Why is DHL such a terrible company
DHL & Co .: Industry is working on the delivery forecast for parcels
While the market leader DHL is not quite that advanced in parcel tracking, one company has already made more progress in forecasting. But the planned breakthrough will probably only take place in ten years.
The parcel boom continues, Germans are ordering more and more clothing or electronics on the Internet. If you want to receive the goods at your front door, you have to plan waiting time - because the delivery time windows are still quite large. That should change.
The principle of hope is omnipresent when ordering packages. The hope that the shipment will arrive reliably - and that the deliverer will ring when you or at least your neighbor is at home. High investments by the parcel industry should now mean that recipients don't just have to hope, but know exactly when the parcel delivery service will be there. Whether Deutsche Post DHL, DPD or Hermes - they all want to improve their predictions. It pays off for you: If the forecast is precise, the first delivery rate increases and employees lose less time with the delivery.
Time window is determined by many variables
As of today, the parcel industry in Germany relies on more or less rough time windows of one to twelve hours. Why actually? The deliverers drive similar routes every day - and the data evaluation including traffic forecast is getting better and better in the digital age. But it's not that simple, say experts. "It's a very complex matter with many variables," explains Frankfurt logistics professor Kai-Oliver Schocke. "If there are traffic jams or diversions, the driver will find a parking space, where exactly how many parcels have to be handed in - and how long does it take under these conditions until the next delivery? - Such questions cannot yet be answered reliably and precisely."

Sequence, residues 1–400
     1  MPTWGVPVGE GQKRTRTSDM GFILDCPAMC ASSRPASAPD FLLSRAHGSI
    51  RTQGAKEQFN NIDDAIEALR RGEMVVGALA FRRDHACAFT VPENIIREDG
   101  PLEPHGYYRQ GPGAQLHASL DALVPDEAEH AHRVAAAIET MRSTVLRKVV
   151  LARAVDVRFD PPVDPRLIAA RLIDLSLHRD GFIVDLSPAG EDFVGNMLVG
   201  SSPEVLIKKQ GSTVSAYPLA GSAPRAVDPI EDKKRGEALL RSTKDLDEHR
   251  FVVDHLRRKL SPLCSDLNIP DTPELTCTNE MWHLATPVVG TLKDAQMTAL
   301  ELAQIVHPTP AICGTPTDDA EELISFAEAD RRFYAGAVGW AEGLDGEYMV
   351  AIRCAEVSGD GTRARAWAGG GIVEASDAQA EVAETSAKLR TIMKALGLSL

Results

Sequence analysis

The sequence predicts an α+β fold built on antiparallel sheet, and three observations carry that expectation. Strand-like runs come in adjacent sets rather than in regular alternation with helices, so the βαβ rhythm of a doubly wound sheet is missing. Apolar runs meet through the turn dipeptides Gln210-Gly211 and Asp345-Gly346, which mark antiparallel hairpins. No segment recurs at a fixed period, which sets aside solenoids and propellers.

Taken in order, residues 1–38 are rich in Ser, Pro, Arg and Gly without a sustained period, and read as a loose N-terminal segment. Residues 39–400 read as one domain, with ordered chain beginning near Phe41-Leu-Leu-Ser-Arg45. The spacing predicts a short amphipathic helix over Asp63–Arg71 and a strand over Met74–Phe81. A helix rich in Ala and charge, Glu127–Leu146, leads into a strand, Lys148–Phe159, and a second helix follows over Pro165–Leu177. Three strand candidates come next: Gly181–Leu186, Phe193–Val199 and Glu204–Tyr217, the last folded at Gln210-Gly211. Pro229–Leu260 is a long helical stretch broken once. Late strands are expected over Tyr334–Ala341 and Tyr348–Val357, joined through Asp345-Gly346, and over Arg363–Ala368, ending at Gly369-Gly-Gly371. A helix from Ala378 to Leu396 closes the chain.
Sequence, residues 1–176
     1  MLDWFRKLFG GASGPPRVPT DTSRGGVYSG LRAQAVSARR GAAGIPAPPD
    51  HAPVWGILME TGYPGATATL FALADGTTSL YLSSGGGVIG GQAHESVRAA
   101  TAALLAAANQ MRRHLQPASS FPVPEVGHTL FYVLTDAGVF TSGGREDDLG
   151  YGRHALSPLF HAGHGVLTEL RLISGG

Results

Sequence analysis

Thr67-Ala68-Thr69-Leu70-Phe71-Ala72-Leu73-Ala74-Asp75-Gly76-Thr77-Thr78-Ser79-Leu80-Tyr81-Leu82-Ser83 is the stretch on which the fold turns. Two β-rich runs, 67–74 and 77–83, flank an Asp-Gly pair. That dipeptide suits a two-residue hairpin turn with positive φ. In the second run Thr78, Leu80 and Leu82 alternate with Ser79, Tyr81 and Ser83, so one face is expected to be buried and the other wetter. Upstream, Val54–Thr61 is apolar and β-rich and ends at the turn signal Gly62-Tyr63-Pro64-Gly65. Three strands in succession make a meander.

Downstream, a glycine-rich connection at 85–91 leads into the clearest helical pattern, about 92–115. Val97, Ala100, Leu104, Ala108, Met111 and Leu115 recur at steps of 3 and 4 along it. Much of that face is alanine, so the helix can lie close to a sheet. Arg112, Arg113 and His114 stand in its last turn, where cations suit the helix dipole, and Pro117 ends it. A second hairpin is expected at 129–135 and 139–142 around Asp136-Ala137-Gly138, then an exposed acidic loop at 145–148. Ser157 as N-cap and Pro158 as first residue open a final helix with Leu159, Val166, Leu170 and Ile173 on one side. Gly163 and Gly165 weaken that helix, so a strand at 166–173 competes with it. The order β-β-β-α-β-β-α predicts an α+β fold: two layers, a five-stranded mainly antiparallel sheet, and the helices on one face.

Christoph Stehmann from the industry service provider Pitney Bowes sees it similarly. The customer finally wants to have a smaller window of time so that they no longer have to wait so long at home, and the industry is working on progress. "But nobody has found Columbus' egg yet." One possibility is more transparency - that the recipients can see where the deliverer is on the Internet. "Sounds good, but it can be very confusing," says Stehmann. Because even if a delivery vehicle is already nearby, it can still take a long time before the doorbell rings - because the deliverer has to deliver parcels to neighboring houses or take a break beforehand.
DPD as a pioneer
Relatively far ahead on the subject is the German subsidiary of the French Post, DPD. The end customer first receives an e-mail from her with the information that the package is now in the depot and that it will be delivered the next day - without a time window.
There is another e-mail on the delivery day itself - around eight in the morning, when the deliverer has loaded his van and the best route has been determined based on the parcels on board. The end customer is then given a time window of one hour, which drops to half an hour over the course of the day. Is the prognosis right at all - or will the parcel carriers come later? According to DPD, less than 10 percent of the parcels are delivered later.